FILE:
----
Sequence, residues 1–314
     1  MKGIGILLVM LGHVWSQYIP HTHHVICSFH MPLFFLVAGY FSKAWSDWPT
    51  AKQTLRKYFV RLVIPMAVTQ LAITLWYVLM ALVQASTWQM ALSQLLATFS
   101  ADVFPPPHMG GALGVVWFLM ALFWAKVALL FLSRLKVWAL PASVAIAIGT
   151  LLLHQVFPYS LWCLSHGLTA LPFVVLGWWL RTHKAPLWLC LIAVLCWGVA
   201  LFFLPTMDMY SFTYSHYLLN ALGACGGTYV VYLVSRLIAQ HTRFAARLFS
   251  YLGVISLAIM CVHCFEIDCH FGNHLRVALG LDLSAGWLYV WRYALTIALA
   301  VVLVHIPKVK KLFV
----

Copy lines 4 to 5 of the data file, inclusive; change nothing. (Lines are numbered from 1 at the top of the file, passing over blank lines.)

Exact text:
   101  ADVFPPPHMG GALGVVWFLM ALFWAKVALL FLSRLKVWAL PASVAIAIGT
   151  LLLHQVFPYS LWCLSHGLTA LPFVVLGWWL RTHKAPLWLC LIAVLCWGVA